- Will he concentrate all his units in one force stuck to each other or will he stretch his units upon his borders? Or a mix of the two approaches?
- Will he keep the defending units (which maybe an attacking building) around his buildings or will he make them guard far from the base to stop the enemy early. Or a mix of the two approaches?
- If he detects an attack on his radar, will he order the units to attack them at once, or will he wait for the opponent to come to his base and be crushed? Or a mix of the two approaches?
- How will he defend un-armed units? Will he place armed units near them to for protection or will he prefer to use the armed units in another useful thing? If an un-armed unit is under attack how will he react?
- What are his reactions to different events while defending?

- Attack:How will he use his current units to attack?
- Will he attack the important buildings first? Or will he prefer to crush all the defensive buildings and units first? Or a mix of the two approaches?
- Will he divide his attacking force to separate small forces to attack from different places, or will he attack with one big solid force? Or a mix of the two approaches?
- What are his reactions to different events while attacking?

- Gather Resources: How will he gather the resources?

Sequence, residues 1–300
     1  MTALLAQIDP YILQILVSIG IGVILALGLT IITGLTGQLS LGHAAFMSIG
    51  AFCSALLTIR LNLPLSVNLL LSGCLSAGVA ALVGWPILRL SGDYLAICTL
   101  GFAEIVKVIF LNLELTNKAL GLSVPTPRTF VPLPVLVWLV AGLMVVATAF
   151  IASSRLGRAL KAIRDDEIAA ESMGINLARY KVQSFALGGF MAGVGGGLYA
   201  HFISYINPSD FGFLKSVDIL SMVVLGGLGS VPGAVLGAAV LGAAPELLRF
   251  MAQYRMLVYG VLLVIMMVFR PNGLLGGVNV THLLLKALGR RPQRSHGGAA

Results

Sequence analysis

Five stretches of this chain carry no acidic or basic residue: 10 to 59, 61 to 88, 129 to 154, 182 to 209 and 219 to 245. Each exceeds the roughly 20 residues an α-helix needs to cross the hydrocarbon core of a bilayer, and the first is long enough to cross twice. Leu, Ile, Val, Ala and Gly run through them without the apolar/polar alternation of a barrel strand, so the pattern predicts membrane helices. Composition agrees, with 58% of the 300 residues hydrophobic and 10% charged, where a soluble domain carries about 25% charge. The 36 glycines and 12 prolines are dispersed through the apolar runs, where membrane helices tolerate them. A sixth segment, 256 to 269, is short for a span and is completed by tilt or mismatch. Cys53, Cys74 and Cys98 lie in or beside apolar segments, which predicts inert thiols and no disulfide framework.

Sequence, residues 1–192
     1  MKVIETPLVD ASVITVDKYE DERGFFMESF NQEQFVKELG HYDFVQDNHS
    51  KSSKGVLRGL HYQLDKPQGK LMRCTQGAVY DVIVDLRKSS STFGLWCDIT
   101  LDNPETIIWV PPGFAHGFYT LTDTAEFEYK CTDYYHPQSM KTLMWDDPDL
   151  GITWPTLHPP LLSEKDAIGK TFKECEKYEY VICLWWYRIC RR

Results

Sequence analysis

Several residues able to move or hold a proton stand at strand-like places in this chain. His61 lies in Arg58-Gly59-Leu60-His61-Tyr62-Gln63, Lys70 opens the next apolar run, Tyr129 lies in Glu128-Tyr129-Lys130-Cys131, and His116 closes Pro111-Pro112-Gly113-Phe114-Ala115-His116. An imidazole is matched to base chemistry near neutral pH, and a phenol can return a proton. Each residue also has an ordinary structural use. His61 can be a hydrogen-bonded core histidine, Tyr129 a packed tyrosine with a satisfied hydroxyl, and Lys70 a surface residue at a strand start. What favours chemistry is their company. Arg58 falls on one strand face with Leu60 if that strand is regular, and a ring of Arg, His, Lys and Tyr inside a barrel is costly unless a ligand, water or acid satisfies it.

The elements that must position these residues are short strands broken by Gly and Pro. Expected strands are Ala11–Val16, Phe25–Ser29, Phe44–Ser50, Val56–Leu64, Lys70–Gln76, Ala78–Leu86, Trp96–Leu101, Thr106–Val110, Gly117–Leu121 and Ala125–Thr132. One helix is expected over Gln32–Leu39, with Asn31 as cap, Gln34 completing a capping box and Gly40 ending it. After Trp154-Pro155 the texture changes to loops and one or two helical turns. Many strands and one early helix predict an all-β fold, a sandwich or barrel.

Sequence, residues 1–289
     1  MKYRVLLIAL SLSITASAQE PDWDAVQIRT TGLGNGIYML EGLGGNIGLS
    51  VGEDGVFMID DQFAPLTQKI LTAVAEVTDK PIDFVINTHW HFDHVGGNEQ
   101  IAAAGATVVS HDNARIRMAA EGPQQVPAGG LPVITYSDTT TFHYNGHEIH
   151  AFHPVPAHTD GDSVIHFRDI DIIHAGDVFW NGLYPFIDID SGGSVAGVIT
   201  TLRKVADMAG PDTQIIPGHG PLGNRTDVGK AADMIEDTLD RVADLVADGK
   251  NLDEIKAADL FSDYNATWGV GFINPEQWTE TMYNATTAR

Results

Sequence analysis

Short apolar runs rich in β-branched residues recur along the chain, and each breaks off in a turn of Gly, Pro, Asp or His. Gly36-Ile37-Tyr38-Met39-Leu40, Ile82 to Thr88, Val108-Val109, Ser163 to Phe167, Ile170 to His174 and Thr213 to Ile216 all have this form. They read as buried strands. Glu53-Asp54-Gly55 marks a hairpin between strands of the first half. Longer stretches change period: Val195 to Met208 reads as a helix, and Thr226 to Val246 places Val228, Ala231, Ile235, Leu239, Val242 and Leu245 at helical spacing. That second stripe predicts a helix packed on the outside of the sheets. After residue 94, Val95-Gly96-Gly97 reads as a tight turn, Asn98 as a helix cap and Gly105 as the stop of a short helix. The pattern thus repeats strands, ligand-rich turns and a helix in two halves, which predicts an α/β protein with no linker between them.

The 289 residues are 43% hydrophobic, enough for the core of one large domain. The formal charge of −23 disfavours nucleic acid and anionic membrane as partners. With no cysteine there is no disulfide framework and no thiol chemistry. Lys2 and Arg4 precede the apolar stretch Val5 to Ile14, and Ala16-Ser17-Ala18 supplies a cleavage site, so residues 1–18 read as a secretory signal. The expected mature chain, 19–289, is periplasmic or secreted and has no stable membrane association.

- Will he train a lot of gatherers to have a large rate of gathering resources? Or will he train a limited amount because it would be a waste of money and he wants to rush (attack early) in the beginning of the game so he needs that money? Or a mix of the two approaches?
- Will he start gathering the far resources first because the near resources are more guaranteed? Or will he be greedy and acquire the resources the nearer the first? Or a mix of the two approaches?

- Construct Buildings:How does he place his buildings? Will he stick them to each other in order to defend them easily? Or will he leave large spaces between them to make it harder for the opponent to destroy them? Or a mix of the two approaches?

- Repair:How will he do the repairing? Although it’s a minor thing, but different approaches are used. Will he place a repairing unit near every building in case of having an attack, or will he just order the nearest one to repair the building being attacked? Or a mix of the two approaches?

Heuristically accelerated Hierarchical RL in RTS Games

- Since the 6 sub-strategies do not depend on each other (think of it and you’ll find them nearly independent), So, I will divide the AI system to a hierarchy as shown in figure 1, each child node is by itself a Semi-Marcov decision process (SMDP) where Heuristically Accelerated Reinforcement Learning Techniques will be applied. Each child node will be later divided into other sub-nodes of SMDPs.